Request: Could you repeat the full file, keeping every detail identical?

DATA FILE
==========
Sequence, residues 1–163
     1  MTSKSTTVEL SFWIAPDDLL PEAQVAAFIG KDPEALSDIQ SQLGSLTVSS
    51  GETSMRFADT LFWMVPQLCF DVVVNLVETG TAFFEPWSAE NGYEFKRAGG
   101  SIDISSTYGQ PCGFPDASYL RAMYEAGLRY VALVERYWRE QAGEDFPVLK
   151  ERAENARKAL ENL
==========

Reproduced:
Sequence, residues 1–163
     1  MTSKSTTVEL SFWIAPDDLL PEAQVAAFIG KDPEALSDIQ SQLGSLTVSS
    51  GETSMRFADT LFWMVPQLCF DVVVNLVETG TAFFEPWSAE NGYEFKRAGG
   101  SIDISSTYGQ PCGFPDASYL RAMYEAGLRY VALVERYWRE QAGEDFPVLK
   151  ERAENARKAL ENL